The Editorial Board feels the party houses around Whitworth became party houses well before the surveys went out last week. The houses became known as “party houses” through social media and word of mouth references to the house names, which often include negative connotations, and the parties they throw. By naming the houses in the survey the Whitworthian did not create the party house label, the paper merely brought a rarely discussed issue to the surface of public discussion.
No, I Don’t Party. here’s why:
“For the love of God, my grandparents and parents didn’t pay an accumulative of $30,000 for me to party my head off. They paid for me to get an education and work hard. I don’t understand these people who go out and party constantly, blows my mind.”
“It conflicts with my religious beliefs; I also do not see the appeal in intoxication in order to have fun. I am perfectly able to have a lot of fun without drinking alcohol or having to alter my perception on the world. I am confident without feeling the need to appease the social pressure to drink. ”
“I don’t need alcohol to have fun.”
“I don’t think partying is necessarily bad, but it has never appealed to me. I just prefer to spend my weekends doing something more relaxing and conducive to forming meaningful connections.”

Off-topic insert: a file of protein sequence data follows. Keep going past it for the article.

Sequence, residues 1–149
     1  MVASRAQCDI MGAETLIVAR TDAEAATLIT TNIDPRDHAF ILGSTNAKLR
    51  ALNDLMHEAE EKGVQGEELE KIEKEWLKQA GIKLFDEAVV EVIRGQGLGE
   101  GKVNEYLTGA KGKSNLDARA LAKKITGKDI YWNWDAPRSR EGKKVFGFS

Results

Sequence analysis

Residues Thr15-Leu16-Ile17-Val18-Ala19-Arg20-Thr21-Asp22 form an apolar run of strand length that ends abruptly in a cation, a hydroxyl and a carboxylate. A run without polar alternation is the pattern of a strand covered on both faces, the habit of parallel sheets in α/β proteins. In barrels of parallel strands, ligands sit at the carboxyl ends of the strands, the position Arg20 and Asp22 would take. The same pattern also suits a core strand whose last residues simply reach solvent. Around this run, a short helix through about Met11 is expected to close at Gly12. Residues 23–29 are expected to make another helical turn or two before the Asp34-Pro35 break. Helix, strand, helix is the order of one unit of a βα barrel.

“Whitworth parties are lame and the people who go to them are intolerably dumb.”
“Because I’ve been to parties and had to deal with drunk people and I don’t trust those around me. I’ll only drink if I’m in a safe place with people I trust. Just because Whitworth is a “nice” school doesn’t mean bad things don’t happen.”
Yes, I Party. here’s why:
“Time to relax and hangout with friends. You’re probably thinking that this can be done in other ways as well. And that is true. But I think it’s fun do go play some beer pong and meet new people in an environment where you won’t be judged.”
“This is how I get to see my friends that aren’t in my classes or immediate friend group. This is also how I meet new people. To be able to attend these off-campus parties and be with these people is something I enjoy, alcohol or not. I go sober too.”
“To become a legend.”
“It is fun to see everyone outside of class! I love gathering with a ton of people I know and listening to music. It’s fun getting drunk.”
“Because it is fun and I know how to handle myself and only put myself into situations where I am in control and around people I know and trust.”
“I partied a lot more as an underclassman because I wanted to meet people and it kind of gave me a thrill. I don’t really do it as much now because I have my group of friends and I’m 22 and I like to just drink at my house instead of with 60 other drunk annoying people.”
Editorials in the “In the Loop” section reflect the majority opinion of the Editorial Board. Responses are from an email survey of 415 students. Some submissions have been edited for clarity and length.